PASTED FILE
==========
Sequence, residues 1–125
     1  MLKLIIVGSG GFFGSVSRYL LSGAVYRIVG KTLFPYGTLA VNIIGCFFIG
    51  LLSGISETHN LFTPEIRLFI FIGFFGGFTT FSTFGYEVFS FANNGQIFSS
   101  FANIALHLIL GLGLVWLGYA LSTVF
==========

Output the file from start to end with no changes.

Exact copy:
Sequence, residues 1–125
     1  MLKLIIVGSG GFFGSVSRYL LSGAVYRIVG KTLFPYGTLA VNIIGCFFIG
    51  LLSGISETHN LFTPEIRLFI FIGFFGGFTT FSTFGYEVFS FANNGQIFSS
   101  FANIALHLIL GLGLVWLGYA LSTVF